Georgia's iconic Stone Mountain has long been a symbol of racial division, emblazoned with depictions of Confederate war heroes.
But on Saturday, August 25, thousands from across denominational and racial lines, will hike to the top of the mountain to pray for healing and racial reconciliation.
It's all part of an event called, "One Race."
"We feel like God's identified two historic strongholds that are real places of division in the city of Atlanta, and that's dead religion and pharisaical religion that causes us to cloister in our denominational huddles," Hazen Stevens, a director with "One Race" told CBN News during a recent episode of The Prayerlink.
"Also, the racial divide ... causes us to stick together in our individual cultures, and we feel like when the church is united across the denominations and across cultures with a spirit of prayer, we know united prayer and intercession always precedes the outpouring of God's spirit," Hazen explained.
"So, we feel like if we can bring people together across denominations and across cultures for the purpose of reconciliation or revival, we believe it's going to produce an outpouring of God's spirit in this city," he added.
Josh Clemons, also of "One Race," believes the event is timely.
"It is always the right time to right wrongs of the past," Clemons explained. "We're calling the church to a place of historic division to the Stone Mountain of Georgia — where in 1915 the Klan rebooted there, which really represents the rift that exists within the church. That exists within America."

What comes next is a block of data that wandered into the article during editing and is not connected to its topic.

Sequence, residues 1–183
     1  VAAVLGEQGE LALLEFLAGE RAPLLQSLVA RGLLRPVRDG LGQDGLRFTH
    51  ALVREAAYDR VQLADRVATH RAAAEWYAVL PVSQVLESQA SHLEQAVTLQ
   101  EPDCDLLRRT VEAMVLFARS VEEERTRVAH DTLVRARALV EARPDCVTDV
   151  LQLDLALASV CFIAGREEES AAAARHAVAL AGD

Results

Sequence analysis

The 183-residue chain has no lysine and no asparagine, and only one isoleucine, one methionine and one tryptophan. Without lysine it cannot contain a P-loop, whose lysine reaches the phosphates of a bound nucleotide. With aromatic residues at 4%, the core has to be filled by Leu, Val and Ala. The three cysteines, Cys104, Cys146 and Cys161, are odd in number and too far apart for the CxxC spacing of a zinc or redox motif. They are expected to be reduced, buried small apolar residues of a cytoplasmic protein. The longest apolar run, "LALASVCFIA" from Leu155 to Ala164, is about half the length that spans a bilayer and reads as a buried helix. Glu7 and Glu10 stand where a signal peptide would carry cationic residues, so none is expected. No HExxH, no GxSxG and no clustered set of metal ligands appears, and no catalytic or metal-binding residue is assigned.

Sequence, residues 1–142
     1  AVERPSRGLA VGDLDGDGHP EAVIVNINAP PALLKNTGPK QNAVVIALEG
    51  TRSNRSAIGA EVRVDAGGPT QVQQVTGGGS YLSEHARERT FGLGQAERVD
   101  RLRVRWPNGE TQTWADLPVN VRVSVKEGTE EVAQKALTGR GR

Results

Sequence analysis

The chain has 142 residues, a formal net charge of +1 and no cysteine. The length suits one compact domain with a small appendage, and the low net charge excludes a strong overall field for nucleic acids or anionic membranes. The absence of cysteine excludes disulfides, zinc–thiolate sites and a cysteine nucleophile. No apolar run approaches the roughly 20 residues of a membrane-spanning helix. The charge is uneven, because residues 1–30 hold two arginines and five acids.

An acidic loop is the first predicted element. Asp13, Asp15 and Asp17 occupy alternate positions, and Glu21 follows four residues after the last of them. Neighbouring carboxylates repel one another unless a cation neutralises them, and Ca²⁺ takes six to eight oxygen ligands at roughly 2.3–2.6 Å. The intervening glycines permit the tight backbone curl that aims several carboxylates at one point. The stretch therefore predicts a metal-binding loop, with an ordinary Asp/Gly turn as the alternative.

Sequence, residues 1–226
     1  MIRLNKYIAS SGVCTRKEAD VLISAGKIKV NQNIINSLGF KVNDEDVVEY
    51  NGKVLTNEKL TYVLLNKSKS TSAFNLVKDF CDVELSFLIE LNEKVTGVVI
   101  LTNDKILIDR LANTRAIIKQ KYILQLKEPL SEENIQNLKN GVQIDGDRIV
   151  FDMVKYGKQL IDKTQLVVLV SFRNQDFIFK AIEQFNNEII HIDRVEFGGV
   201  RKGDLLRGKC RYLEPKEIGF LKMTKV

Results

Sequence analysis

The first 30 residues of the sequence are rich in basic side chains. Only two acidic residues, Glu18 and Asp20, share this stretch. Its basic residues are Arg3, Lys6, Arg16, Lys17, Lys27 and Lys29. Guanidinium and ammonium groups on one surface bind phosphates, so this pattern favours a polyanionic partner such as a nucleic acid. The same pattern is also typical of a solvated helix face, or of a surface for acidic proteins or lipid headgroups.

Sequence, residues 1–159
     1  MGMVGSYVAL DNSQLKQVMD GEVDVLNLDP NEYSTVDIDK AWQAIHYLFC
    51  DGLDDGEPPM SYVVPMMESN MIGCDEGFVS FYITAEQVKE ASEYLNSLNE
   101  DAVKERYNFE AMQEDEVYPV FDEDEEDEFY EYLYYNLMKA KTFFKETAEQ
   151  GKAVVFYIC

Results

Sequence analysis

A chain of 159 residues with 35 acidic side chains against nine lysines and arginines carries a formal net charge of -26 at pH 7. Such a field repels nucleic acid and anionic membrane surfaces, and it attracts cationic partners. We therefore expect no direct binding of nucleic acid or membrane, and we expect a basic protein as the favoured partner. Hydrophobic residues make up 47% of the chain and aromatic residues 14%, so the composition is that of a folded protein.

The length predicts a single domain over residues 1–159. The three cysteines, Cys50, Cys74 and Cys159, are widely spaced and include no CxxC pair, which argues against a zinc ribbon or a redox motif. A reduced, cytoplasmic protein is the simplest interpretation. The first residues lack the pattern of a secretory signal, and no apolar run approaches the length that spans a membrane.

"We're calling the church to be reconciled, to be the tip of the spear, speak out, to lead in a place where the church has historically lagged. It's an invitation to gospel-centered reconciliation to the Body," Clemons continued.
Over 13,000 have registered for Saturday's event, which features musical guests such as gospel recording artists Tasha Cobbs and Travis Greene as well as the Christian musical band United Pursuit.
Two thousand millennials have also signed up to attend.
Stevens believes America's desperately needed racial healing will ultimately come from spiritual power.
"We want to bind the spirits of racism and dead religion through the unified prayer of church leadership," he proclaimed.
"And we want to loose reconciliation and revival because we know in heaven everyone's reconciled and everyone's revived. We're all going to sing and praise the Lamb with every tribe, every tongue, every people around the throne is what Revelation 7:9 says," Stevens continued. "And so, we believe God wants worship on earth as it is in heaven. He doesn't want the worship of just one culture. He doesn't want the worship of even just one language."
"We believe the worship this Saturday is going to reflect the beauty of heaven," he added.
Saturday's event is planned from 9 a.m. until 6 p.m.